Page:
Aarhus University Seal

Sharp contrasts between freshwater and marine microbial enzymatic capabilities, community composition, and DOM pools in a NE Greenland fjord

New publication by John Paul Balmonte, Harald Hasler‐Sheetal, Ronnie N. Glud, Thorbjørn J. Andersen, Mikael K. Sejr, Mathias Middelboe, Andreas Teske, Carol Arnosti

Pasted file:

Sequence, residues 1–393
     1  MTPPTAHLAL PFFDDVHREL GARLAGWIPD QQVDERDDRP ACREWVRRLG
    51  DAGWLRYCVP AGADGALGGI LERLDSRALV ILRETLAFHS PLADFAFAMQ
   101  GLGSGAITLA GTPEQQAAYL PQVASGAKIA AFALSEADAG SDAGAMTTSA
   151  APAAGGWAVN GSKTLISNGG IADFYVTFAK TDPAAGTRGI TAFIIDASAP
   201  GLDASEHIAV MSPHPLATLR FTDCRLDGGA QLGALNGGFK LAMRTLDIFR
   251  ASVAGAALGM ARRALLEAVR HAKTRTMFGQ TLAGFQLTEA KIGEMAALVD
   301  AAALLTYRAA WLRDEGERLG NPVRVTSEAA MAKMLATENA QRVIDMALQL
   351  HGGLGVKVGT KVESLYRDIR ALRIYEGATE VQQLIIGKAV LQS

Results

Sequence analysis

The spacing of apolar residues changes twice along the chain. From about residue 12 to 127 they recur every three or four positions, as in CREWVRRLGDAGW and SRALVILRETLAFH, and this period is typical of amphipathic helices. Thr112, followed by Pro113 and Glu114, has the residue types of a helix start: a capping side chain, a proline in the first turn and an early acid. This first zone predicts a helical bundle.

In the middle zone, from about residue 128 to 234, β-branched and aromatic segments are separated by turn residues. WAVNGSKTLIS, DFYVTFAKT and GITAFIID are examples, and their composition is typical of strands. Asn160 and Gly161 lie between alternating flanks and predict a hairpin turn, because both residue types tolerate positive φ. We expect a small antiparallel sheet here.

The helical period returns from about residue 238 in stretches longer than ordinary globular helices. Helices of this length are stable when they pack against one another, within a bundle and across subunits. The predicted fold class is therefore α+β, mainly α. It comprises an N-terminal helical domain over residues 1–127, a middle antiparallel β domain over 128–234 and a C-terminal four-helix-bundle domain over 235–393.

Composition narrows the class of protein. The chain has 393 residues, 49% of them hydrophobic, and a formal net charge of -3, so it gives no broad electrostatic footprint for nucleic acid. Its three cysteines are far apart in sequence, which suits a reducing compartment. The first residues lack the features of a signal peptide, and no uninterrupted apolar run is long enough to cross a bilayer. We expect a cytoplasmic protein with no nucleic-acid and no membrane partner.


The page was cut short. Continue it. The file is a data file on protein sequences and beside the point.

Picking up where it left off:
Increasing glacial discharge can lower salinity and alter organic matter (OM) supply in fjords, but assessing the biogeochemical effects of enhanced freshwater fluxes requires understanding of microbial interactions with OM across salinity gradients. Here, we examined microbial enzymatic capabilities—in bulk waters (nonsize‐fractionated) and on particles (≥ 1.6 μm)—to hydrolyze common OM constituents (peptides, glucose, polysaccharides) along a freshwater–marine continuum within Tyrolerfjord‐Young Sound. Bulk peptidase activities were up to 15‐fold higher in the fjord than in glacial rivers, whereas bulk glucosidase activities in rivers were twofold greater, despite fourfold lower cell counts. Particle‐associated glucosidase activities showed similar trends by salinity, but particle‐associated peptidase activities were up to fivefold higher—or, for several peptidases, only detectable—in the fjord. Bulk polysaccharide hydrolase activities also exhibited freshwater–marine contrasts: xylan hydrolysis rates were fivefold higher in rivers, while chondroitin hydrolysis rates were 30‐fold greater in the fjord. Contrasting enzymatic patterns paralleled variations in bacterial community structure, with most robust compositional shifts in river‐to‐fjord transitions, signifying a taxonomic and genetic basis for functional differences in freshwater and marine waters. However, distinct dissolved organic matter (DOM) pools across the salinity gradient, as well as a positive relationship between several enzymatic activities and DOM compounds, indicate that DOM supply exerts a more proximate control on microbial activities. Thus, differing microbial enzymatic capabilities, community structure, and DOM composition—interwoven with salinity and water mass origins—suggest that increased meltwater may alter OM retention and processing in fjords, changing the pool of OM supplied to coastal Arctic microbial communities.